NEO reflects the use of classical forms in the 20th century – ‘neo classical’. It points to the future, and in music saw composers throwing off the romantic era’s excesses and striving for a new clarity and stability. However, the term NEO in this musical context shouldn’t always be seen as a case of ‘out with the old, in with the new’. The heritage of earlier romantic styles – Tchaikovsky, Borodin, Rimsky-Korsakov can be detected in the music by Scriabin, Prokofiev and Shostakovich on this album. In an uncertain and turbulent world, the old ways can be a comfort and provide a sense of stability.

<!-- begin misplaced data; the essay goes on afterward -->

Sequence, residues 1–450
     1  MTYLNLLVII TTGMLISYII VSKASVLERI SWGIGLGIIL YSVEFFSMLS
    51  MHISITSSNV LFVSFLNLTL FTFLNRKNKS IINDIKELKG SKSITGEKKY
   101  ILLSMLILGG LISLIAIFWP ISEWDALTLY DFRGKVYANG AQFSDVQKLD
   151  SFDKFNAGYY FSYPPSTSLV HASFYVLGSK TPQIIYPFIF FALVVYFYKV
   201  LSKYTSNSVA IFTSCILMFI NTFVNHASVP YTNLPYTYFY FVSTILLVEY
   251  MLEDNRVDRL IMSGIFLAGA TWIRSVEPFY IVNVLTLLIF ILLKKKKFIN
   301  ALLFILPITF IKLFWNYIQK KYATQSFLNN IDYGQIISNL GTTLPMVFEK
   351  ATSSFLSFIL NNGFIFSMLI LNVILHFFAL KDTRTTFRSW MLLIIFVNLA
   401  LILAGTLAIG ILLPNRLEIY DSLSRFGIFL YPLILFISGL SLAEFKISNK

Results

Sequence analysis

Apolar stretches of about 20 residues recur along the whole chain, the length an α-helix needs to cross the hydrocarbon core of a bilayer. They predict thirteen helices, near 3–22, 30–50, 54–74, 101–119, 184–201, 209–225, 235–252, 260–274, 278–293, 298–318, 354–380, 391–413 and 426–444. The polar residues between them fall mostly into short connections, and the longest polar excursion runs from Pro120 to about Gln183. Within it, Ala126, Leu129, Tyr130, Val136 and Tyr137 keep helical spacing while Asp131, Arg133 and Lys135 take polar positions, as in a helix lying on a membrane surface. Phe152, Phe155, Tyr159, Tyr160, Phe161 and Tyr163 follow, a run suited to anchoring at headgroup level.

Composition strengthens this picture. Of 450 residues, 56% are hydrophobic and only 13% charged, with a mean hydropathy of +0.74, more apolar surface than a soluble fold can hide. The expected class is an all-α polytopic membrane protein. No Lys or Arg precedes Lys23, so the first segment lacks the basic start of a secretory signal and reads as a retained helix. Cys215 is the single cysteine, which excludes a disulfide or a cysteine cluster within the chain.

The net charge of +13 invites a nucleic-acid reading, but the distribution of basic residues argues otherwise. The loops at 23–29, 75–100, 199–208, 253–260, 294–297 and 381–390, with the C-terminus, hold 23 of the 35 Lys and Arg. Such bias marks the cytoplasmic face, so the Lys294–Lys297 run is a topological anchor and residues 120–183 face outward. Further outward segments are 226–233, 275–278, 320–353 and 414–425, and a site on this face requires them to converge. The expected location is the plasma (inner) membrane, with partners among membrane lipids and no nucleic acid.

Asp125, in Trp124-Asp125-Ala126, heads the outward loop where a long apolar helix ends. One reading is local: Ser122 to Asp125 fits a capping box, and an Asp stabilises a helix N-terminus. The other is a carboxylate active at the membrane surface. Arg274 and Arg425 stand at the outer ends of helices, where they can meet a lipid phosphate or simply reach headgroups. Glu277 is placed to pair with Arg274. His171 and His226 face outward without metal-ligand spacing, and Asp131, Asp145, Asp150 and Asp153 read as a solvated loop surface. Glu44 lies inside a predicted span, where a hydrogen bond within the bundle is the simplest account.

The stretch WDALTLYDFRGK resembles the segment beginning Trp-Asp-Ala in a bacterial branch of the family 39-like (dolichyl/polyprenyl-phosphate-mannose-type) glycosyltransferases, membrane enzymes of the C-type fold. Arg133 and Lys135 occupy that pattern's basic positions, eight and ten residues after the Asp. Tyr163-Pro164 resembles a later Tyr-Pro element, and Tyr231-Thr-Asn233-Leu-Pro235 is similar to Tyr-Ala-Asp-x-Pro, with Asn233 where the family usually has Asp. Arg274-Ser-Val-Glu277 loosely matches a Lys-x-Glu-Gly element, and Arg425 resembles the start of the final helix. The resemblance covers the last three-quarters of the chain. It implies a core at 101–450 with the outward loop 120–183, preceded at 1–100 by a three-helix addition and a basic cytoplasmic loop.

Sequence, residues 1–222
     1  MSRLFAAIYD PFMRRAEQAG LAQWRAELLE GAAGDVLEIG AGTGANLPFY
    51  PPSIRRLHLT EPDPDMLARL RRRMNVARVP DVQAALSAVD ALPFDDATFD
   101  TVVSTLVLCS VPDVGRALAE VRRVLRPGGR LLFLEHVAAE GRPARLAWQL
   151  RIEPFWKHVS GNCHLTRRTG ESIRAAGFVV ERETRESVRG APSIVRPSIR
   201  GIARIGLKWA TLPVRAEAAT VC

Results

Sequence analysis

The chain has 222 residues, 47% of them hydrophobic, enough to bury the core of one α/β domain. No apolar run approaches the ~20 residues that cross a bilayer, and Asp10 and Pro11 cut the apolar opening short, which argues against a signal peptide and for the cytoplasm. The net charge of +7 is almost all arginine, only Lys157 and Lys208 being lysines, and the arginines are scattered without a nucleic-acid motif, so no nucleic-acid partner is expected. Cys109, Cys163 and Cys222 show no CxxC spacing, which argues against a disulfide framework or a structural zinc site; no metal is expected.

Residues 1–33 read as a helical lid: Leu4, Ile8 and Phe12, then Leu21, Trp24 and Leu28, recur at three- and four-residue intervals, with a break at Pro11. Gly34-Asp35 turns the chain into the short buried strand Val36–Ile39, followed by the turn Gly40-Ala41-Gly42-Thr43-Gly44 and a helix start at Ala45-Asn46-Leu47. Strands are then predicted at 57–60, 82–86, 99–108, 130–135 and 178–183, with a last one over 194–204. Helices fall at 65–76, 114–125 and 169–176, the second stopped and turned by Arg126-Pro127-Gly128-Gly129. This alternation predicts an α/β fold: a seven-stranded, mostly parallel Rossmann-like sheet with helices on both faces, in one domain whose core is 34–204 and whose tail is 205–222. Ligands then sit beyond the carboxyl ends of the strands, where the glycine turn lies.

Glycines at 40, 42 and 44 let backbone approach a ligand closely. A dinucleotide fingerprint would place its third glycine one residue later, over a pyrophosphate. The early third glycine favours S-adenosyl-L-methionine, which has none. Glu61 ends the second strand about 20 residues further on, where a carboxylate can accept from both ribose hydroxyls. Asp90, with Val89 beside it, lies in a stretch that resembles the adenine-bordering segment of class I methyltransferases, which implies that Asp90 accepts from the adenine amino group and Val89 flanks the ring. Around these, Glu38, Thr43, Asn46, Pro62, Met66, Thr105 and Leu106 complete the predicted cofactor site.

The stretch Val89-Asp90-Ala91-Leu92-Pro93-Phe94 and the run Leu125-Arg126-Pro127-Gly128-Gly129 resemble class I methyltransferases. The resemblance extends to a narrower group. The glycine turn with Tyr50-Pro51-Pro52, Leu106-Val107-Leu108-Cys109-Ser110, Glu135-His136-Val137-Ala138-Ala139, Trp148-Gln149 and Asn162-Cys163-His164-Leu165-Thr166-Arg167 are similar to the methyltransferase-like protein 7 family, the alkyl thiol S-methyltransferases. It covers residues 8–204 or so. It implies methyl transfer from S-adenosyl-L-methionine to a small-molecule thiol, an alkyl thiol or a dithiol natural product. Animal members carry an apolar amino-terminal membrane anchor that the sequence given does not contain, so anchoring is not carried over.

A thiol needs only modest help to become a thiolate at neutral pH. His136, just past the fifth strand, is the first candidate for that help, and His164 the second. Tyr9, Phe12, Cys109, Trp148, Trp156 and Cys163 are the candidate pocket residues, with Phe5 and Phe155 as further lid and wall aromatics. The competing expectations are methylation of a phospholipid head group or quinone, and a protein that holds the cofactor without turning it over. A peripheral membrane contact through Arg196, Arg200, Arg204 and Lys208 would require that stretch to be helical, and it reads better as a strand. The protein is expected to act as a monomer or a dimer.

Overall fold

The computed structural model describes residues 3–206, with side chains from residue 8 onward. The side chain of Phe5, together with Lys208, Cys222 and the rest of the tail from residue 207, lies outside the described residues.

Oda Voltersvik’s fascinating recital takes the listener on a journey from the beginning of the century opening with Scriabin’s early Fantasy which looks forward to his later style, while still glancing back to the romantic era. Likewise, Prokofiev’s 2nd sonata of 1912 stands on the cusp of his exposure to the latest modern trends in music and of course the Russian Revolution and First World War were looming. Shostakovich’s 2nd sonata is a masterpiece written during the height of World War 2. His struggle to create under the threat of Stalin’s repression is evident in this powerful and deeply personal work. Gubaidulina had come under criticism from the Soviet regime in the early 1960’s for writing ‘irresponsible’ music. Shostakovich supported her during this period. Her Chaconne harks back the baroque style.